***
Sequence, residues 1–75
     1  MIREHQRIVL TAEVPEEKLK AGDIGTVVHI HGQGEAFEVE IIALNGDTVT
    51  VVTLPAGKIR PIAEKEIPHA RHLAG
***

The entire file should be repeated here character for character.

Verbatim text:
Sequence, residues 1–75
     1  MIREHQRIVL TAEVPEEKLK AGDIGTVVHI HGQGEAFEVE IIALNGDTVT
    51  VVTLPAGKIR PIAEKEIPHA RHLAG